Lectures on Physics has been derived from Benjamin Crowell's Light and Matter series of free introductory textbooks on physics. See the editorial for more information....

Using a refrigerator to decrease entropy?

A refrigerator takes heat from a cold area and dumps it into a hot area. (1) Does this lead to a net decrease in the entropy of a closed system? (2) Could you make a Carnot engine more efficient by running a refrigerator to cool its low-temperature reservoir and eject heat into its high-temperature reservoir?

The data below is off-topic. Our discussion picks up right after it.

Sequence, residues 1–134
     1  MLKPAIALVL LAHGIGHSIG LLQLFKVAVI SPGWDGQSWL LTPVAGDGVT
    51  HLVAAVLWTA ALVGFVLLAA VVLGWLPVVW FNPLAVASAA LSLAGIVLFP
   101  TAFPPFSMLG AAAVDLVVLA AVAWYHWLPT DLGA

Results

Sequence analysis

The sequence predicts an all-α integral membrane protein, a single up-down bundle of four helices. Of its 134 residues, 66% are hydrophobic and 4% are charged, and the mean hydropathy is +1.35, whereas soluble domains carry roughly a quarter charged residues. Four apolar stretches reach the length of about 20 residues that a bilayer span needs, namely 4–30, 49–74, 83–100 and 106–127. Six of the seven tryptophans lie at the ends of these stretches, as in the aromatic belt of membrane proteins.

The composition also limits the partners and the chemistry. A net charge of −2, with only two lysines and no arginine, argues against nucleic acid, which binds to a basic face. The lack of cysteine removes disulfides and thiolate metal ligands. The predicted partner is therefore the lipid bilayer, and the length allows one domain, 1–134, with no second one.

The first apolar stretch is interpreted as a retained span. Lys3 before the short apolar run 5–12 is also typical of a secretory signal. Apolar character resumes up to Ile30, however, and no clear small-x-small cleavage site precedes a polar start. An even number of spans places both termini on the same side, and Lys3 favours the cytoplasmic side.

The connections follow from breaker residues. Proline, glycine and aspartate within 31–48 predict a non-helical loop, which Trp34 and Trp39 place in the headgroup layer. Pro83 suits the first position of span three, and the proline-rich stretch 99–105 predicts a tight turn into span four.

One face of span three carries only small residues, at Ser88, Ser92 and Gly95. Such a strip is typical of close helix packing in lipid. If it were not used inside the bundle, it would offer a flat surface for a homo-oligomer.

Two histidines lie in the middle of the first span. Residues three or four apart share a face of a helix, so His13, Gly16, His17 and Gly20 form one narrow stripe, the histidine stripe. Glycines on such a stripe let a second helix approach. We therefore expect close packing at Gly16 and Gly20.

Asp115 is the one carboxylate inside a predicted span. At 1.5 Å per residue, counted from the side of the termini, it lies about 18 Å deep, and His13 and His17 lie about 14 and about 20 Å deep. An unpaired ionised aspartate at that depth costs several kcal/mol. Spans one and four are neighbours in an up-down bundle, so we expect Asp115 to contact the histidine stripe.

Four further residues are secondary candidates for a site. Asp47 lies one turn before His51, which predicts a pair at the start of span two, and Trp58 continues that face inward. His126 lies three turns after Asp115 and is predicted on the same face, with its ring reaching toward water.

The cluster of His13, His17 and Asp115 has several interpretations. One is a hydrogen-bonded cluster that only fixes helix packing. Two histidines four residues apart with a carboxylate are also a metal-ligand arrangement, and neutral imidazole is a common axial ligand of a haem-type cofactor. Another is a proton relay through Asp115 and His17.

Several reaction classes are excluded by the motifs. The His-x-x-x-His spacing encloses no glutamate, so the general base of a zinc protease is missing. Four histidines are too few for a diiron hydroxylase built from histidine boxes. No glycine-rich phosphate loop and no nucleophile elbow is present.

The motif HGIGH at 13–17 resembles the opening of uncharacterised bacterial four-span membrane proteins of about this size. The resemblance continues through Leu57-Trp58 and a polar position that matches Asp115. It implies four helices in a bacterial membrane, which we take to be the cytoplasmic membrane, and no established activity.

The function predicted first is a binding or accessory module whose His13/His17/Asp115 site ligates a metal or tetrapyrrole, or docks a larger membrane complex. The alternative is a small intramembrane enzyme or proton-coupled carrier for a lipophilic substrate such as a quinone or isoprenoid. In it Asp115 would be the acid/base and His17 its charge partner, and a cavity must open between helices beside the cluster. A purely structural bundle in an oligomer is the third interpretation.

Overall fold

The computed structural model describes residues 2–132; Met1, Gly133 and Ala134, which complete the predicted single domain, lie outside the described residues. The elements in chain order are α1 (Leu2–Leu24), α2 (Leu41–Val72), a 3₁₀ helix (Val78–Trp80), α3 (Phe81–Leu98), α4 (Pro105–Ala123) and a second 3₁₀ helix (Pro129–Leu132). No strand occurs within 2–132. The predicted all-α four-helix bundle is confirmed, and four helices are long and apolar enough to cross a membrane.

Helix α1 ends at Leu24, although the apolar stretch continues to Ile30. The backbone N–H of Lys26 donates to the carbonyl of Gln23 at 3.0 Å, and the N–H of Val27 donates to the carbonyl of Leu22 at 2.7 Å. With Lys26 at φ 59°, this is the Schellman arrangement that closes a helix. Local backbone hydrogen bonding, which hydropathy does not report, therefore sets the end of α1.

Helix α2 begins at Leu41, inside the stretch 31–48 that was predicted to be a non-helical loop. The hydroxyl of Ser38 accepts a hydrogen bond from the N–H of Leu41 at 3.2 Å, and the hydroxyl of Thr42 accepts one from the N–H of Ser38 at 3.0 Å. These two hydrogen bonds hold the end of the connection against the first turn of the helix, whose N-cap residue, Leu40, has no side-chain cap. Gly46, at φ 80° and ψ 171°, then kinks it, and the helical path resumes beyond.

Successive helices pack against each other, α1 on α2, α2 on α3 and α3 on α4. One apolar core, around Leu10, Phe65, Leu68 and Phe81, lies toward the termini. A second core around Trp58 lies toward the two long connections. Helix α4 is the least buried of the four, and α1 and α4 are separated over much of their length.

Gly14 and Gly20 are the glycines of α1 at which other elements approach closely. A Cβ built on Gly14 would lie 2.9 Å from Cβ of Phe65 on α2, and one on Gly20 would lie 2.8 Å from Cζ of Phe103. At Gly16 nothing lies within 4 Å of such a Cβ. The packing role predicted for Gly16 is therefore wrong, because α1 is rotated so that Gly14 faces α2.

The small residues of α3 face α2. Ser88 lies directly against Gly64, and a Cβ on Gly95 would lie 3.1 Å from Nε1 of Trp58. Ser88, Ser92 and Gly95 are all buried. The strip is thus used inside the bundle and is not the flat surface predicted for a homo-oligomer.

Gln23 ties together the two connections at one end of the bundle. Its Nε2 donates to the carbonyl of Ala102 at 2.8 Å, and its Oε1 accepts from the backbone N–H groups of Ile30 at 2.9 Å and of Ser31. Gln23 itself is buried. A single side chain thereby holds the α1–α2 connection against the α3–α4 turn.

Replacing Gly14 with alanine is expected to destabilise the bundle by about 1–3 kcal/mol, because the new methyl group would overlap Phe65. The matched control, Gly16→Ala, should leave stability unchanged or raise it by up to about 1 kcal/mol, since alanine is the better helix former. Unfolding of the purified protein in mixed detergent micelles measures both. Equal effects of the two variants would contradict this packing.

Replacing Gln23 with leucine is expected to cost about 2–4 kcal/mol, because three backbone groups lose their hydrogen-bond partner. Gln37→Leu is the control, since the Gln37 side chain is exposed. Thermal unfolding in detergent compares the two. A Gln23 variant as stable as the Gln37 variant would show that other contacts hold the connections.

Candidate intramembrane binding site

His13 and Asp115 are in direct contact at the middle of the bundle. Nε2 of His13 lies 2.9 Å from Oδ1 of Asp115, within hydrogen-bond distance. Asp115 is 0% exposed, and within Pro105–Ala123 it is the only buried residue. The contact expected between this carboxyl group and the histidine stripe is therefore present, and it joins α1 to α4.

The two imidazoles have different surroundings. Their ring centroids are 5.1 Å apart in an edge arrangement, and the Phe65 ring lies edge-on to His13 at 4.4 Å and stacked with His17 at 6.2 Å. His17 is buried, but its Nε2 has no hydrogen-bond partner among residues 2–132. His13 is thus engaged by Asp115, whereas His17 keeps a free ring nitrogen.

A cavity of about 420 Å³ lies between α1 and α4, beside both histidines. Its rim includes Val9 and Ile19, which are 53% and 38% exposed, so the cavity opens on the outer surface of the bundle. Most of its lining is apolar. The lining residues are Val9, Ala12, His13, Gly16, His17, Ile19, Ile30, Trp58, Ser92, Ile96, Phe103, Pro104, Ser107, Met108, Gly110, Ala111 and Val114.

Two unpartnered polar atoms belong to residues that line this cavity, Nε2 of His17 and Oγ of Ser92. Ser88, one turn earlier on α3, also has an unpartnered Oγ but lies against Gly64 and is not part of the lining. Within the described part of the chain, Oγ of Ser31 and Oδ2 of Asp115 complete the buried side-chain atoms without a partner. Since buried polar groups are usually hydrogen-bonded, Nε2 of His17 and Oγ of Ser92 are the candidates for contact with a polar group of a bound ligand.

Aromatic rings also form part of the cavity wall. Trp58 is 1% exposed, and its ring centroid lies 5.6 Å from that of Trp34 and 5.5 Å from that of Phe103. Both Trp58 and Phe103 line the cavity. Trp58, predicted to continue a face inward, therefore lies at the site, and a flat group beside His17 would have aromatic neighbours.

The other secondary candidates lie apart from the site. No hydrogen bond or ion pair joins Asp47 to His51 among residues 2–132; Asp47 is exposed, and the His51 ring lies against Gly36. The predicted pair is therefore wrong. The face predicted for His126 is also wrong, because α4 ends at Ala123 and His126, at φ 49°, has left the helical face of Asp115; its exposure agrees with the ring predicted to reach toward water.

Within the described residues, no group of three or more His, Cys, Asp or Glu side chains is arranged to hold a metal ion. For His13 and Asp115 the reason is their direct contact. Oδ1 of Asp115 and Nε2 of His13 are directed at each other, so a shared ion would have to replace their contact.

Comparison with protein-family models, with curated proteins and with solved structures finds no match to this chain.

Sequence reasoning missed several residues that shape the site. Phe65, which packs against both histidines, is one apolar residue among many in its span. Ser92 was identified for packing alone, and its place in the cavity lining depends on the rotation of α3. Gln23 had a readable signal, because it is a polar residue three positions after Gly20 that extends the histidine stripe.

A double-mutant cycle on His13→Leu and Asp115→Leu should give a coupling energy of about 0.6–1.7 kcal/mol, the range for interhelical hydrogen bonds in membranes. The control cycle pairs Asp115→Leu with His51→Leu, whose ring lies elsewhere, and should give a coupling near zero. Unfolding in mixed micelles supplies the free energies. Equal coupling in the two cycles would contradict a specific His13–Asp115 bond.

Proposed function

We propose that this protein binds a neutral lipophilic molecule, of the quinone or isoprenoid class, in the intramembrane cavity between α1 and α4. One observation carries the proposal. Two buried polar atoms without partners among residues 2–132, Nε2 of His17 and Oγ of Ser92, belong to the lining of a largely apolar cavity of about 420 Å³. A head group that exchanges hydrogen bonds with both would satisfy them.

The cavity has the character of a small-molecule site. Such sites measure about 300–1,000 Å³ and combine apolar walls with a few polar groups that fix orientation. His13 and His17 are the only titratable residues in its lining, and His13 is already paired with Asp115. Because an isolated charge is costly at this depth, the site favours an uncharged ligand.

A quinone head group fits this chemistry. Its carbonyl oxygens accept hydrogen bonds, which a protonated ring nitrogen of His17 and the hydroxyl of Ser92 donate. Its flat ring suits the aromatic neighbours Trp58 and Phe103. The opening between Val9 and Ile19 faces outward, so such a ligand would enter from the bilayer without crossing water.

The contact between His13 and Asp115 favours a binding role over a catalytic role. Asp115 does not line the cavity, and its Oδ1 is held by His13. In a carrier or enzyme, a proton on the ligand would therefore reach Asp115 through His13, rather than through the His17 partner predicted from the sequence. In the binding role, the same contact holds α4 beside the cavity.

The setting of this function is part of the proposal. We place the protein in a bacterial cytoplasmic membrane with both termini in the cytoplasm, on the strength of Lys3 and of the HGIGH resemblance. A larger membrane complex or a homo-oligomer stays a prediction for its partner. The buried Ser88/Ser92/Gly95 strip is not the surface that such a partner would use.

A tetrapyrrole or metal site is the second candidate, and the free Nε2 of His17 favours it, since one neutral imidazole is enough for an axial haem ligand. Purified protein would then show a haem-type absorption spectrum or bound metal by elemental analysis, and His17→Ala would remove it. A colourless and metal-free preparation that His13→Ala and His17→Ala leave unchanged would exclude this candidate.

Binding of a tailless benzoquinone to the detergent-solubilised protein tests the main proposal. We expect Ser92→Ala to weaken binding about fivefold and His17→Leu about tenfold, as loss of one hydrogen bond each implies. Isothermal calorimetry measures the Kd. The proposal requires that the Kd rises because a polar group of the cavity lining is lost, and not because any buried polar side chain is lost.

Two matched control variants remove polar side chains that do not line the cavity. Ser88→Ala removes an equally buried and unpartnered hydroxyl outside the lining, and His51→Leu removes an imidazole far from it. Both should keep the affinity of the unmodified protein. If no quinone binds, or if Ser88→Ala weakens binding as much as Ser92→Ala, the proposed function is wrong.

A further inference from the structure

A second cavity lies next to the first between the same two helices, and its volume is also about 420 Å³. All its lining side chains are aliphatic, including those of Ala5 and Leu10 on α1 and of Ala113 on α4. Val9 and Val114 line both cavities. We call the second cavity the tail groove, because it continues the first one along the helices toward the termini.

(1) No. The heat that comes off of the radiator coils on the back of your kitchen fridge is a great deal more than the heat the fridge removes from inside; the difference is what it costs to run your fridge. The heat radiated from the coils is so much more than the heat removed from the inside that the increase in the entropy of the air in the room is greater than the decrease of the entropy inside the fridge. The most efficient refrigerator is actually a Carnot engine running in reverse, which leads to neither an increase nor a decrease in entropy.

(2) No. The most efficient refrigerator is a reversed Carnot engine. You will not achieve anything by running one Carnot engine in reverse and another forward. They will just cancel each other out.

Last Update: 2009-06-21